100 Random Thoughts and Memories of a first time mom – 1 of 100

“I guess he’ll have to figure out someday that he is supposed to have this dark side, that it is part of what it means to be human, to have the darkness just as much as the light- that in fact the dark parts make the light visible; without them, the light would disappear. But I guess he has to figure other stuff out first, like how to keep his neck from flopping all over the place and how to sit up.” ― Anne Lamott, Operating Instructions: A Journal of My Son’s First Year

At the end of last year, I again ponied up the $100 or so I pay to keep this site aloft. Sometimes I have to ask myself why; last year I posted a measly eight posts. Eight! My thought had been to turn this into a blog about adventuring in the Canadian Rockies. But you can’t force these things. And then we had a baby.

I’ve been following Elle Luna on Instagram since she published her amazing essay The Crossroads of Should and Must on Medium. “Should,” she writes, “is how others want us to show up in the world — how we’re supposed to think, what we ought to say, what we should or shouldn’t do…Must is who we are, what we believe, and what we do when we are alone with our truest, most authentic self.”

I followed her 100 days of Self Portraits last year and this year, I read as she posted the outline for the 100 day project. You commit to repeating one action every day for 100 days. What did I want to do? What MUST I do?

As April–the start of the 100 day project–approached, I was in the very early weeks of motherhood- I was overjoyed, exhausted, overwhelmed. Baby took up approximately 97% of my brain. If I had anything at all to write about – it was baby.

But my experience was so, um, normal. Everything I’m experiencing is something I have heard before–I’m getting no sleep and I’m the most tired I’ve ever been! Baby cries and it totally sucks! etc. And, besides, did I want to be a mommy blogger? Am I one of those moms who has nothing to talk about but her kid? I shuddered at the thought. (My my, the ways we overthink and judge ourselves! How we defeat ourselves before we even begin.)IMG_2992 Oh, and then the beginning of the 100 day project came and went while I was in Florida with family. I had three drafts saved here – and none posted. Now, I’m 15 days behind. But here I am, I thought, at the crossroads of should and must. I must write now. I must create terms under which I can really succeed.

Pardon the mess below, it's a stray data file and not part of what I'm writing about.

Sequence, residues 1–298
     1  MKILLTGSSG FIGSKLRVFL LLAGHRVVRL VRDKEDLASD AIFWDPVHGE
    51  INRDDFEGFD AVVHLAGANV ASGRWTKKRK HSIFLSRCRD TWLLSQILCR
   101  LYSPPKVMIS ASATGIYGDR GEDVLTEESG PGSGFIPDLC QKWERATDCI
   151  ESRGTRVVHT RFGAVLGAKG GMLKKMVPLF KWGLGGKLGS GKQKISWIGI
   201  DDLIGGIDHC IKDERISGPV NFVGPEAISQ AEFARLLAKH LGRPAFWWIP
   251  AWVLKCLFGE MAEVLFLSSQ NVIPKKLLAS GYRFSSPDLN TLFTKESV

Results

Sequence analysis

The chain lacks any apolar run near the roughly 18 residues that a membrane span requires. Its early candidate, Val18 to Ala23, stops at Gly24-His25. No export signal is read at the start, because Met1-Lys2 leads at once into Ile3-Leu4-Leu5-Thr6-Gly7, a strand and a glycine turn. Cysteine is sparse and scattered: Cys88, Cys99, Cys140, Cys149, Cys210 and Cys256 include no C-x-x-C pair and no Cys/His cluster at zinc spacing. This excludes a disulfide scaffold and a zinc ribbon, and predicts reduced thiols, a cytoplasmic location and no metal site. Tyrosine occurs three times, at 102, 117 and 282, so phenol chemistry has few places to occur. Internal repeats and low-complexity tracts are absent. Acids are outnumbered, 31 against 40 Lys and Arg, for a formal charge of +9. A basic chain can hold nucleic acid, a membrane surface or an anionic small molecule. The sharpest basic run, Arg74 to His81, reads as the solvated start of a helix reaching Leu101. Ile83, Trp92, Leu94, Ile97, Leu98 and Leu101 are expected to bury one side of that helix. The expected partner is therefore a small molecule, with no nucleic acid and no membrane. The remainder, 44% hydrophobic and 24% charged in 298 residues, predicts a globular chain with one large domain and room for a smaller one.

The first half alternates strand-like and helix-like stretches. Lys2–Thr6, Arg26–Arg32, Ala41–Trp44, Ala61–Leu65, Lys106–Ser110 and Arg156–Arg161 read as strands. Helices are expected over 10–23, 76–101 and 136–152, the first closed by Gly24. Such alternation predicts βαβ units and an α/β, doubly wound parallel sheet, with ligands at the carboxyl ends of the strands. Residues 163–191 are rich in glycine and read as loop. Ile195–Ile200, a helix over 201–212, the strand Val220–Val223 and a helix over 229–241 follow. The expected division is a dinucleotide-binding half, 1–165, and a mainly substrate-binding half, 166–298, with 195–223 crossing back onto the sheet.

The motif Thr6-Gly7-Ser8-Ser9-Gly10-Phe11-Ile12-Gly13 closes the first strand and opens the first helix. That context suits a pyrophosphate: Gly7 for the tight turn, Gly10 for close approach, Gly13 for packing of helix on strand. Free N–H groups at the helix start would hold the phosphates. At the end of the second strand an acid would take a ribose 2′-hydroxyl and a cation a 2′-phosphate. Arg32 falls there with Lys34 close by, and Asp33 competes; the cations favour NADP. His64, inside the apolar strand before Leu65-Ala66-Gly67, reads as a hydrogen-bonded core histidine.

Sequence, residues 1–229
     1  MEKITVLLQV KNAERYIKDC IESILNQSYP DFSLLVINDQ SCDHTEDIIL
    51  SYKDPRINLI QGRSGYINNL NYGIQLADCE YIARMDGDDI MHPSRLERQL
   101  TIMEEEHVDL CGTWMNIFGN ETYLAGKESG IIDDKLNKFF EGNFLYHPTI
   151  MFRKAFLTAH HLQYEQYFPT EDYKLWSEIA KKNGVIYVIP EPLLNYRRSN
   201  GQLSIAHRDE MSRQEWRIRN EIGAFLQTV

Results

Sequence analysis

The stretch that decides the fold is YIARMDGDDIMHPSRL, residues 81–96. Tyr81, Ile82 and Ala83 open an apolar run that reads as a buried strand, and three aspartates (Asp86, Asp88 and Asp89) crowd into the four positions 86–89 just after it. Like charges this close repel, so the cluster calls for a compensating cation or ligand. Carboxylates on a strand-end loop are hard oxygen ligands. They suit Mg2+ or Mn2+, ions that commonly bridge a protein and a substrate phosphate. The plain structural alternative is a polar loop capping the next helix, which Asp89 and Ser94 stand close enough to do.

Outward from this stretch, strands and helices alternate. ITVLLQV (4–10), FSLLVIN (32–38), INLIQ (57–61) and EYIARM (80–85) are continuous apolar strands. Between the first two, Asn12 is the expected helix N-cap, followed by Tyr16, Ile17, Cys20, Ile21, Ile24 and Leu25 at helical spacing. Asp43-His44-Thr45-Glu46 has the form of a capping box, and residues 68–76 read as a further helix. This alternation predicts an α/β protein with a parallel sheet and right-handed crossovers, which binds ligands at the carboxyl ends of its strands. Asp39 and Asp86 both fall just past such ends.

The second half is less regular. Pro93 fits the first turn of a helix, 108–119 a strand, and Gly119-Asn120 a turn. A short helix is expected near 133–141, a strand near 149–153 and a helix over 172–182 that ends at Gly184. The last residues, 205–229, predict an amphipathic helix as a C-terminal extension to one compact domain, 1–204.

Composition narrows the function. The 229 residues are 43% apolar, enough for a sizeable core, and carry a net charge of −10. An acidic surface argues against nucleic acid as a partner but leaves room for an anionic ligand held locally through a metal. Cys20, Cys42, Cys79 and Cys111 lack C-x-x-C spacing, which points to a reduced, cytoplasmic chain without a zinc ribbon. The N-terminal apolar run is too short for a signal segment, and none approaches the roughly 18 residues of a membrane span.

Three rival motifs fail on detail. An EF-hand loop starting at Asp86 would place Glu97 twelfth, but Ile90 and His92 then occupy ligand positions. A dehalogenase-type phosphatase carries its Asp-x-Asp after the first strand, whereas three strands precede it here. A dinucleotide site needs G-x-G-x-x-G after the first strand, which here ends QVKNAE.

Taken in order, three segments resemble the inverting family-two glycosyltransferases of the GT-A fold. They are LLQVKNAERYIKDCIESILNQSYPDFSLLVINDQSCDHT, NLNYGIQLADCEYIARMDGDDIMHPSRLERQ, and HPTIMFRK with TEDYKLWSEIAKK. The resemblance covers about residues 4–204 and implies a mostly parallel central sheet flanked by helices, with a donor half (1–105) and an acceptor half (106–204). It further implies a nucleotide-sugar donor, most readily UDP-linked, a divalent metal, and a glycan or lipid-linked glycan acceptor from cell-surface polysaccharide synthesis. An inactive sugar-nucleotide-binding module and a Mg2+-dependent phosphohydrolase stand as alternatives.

Meanwhile, I was reading Operating Instructions by Anne Lamott. I read it while James slept in my arms. Between feedings and crying fits and diaper changes, six million loads of laundry and all the other wonderful things and tiring crap you do when you’re on maternity leave. It taught me to have a sense of humor at the moments I felt the most desperate and crazy. And although it was about her first year of motherhood, it was also about Life. Operating Instructions

I read a review of Some Assembly Required, which Lamott wrote with her son Sam about his son, her grandson, Jax. The review recounted how Sam considered Operating Instructions the greatest gift of his life and how he wanted to do the same for his son. What a beautiful gesture – to write a story as a gift. None of us remember our first year of life – we have a vague idea of a few stories that our mothers tell us. If no one else cared about my cliche thoughts and memories, Dan and James would. DSCF3164 So what about 100 Random Thoughts and Memories of a first time mom – written over the course of my son’s first year? This one–these 100–are for Dan and James – and anyone who finds them reassuring, amusing, distracting or whatever else they may be looking for.

P.S. I wrote this on Saturday morning and it is now Tuesday morning. I’m having the hardest time getting myself to get over the start line – I am so afraid it is stupid, that I will fail, etc. Fear looms so large I can’t even tell you. So, friends, here goes nothing.

Maddy getting married in Boca Grande